, Volume 234, Issue 2, pp 211–222 | Cite as

MK-801-induced impairments on the trial-unique, delayed nonmatching-to-location task in rats: effects of acute sodium nitroprusside

  • Jessica L. Hurtubise
  • Wendie N. Marks
  • Don A. Davies
  • Jillian K. Catton
  • Glen B. Baker
  • John G. HowlandEmail author
Original Investigation



The cognitive symptoms observed in schizophrenia are not consistently alleviated by conventional antipsychotics. Following a recent pilot study, sodium nitroprusside (SNP) has been identified as a promising adjunct treatment to reduce the working memory impairments experienced by schizophrenia patients.


The present experiments were designed to explore the effects of SNP on the highly translatable trial-unique, delayed nonmatching-to-location (TUNL) task in rats with and without acute MK-801 treatment.


SNP (0.5, 1.0, 2.0, 4.0, and 5.0 mg/kg) and MK-801 (0.05, 0.075, and 0.1 mg/kg) were acutely administered to rats trained on the TUNL task.


Acute MK-801 treatment impaired TUNL task accuracy. Administration of SNP (2.0 mg/kg) with MK-801 (0.1 mg/kg) failed to rescue performance on TUNL. SNP (5.0 mg/kg) administration nearly 4 h prior to MK-801 (0.05 mg/kg) treatment had no preventative effect on performance impairments. SNP (2.0 mg/kg) improved performance on a subset of trials.


These results suggest that SNP may possess intrinsic cognitive-enhancing properties but is unable to block the effects of acute MK-801 treatment on the TUNL task. These results are inconsistent with the effectiveness of SNP as an adjunct therapy for working memory impairments in schizophrenia patients. Future studies in rodents that assess SNP as an adjunct therapy will be valuable in understanding the mechanisms underlying the effectiveness of SNP as a treatment for schizophrenia.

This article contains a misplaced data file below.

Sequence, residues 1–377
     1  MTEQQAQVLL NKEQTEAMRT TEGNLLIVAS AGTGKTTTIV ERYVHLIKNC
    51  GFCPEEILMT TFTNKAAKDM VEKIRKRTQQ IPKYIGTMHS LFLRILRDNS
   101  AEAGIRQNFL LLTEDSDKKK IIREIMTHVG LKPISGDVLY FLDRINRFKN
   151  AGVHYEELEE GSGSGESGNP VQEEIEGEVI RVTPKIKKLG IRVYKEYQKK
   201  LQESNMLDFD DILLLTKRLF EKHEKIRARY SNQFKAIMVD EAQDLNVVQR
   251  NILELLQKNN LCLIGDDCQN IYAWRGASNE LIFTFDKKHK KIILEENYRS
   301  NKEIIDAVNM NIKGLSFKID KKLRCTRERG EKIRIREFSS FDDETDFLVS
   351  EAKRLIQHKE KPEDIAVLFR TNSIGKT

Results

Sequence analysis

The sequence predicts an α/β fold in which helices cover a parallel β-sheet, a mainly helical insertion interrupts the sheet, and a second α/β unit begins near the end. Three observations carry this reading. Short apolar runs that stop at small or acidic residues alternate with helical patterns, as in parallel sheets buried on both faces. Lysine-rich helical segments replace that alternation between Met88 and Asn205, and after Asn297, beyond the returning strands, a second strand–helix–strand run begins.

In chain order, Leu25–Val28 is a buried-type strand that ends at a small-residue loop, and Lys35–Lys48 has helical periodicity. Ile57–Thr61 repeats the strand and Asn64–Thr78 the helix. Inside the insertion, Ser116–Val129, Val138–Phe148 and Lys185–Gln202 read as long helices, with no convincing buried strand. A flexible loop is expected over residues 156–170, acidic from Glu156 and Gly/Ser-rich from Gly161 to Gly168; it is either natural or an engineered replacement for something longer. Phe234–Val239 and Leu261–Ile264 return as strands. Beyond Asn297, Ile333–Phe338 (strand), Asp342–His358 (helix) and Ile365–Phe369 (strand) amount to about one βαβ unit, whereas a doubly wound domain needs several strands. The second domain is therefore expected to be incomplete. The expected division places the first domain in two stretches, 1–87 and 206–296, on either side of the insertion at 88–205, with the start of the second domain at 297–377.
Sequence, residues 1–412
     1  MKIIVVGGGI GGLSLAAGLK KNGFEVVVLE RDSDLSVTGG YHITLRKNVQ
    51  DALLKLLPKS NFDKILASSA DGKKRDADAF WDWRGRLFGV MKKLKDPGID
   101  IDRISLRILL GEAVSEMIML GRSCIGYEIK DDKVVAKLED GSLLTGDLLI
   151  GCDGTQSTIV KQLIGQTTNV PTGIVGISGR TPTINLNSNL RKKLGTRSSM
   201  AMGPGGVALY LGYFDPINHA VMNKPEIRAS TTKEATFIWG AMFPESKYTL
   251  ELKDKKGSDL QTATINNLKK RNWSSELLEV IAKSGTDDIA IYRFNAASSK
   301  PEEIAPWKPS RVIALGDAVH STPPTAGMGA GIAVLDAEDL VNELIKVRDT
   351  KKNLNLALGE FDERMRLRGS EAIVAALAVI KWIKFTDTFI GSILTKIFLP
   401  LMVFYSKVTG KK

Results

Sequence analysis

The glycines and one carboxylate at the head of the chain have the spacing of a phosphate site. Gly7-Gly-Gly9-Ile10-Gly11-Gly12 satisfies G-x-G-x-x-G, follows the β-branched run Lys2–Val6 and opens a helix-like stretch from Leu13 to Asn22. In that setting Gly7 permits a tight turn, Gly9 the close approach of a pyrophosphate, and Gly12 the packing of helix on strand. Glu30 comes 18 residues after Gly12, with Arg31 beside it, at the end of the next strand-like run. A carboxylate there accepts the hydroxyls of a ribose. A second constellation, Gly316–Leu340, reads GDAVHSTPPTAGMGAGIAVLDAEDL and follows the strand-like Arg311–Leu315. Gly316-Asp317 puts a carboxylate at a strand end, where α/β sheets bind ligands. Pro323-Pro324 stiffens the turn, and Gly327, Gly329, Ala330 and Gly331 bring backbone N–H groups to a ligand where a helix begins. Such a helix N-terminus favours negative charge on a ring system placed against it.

Schizophrenia NMDA receptor Nitric oxide donor Working memory Pattern separation 



This research was supported by an operating grant from the Canadian Institutes for Health Research (CIHR; #125984) and a Discovery Grant from the Natural Sciences and Engineering Research Council of Canada (NSERC). JGH is a CIHR New Investigator. JLH and WNM received salary support from the College of Medicine at the University of Saskatchewan. GBB received salary support and grant funding from the University of Alberta.

Conflict of interest

The authors declare that they have no conflict of interest.


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Copyright information

© Springer-Verlag Berlin Heidelberg 2016

Authors and Affiliations

  • Jessica L. Hurtubise
    • 1
  • Wendie N. Marks
    • 1
  • Don A. Davies
    • 1
  • Jillian K. Catton
    • 1
  • Glen B. Baker
    • 2
  • John G. Howland
    • 1
    Email author
  1. 1.Department of PhysiologyUniversity of SaskatchewanSaskatoonCanada
  2. 2.Department of Psychiatry (NRU)University of AlbertaEdmontonCanada

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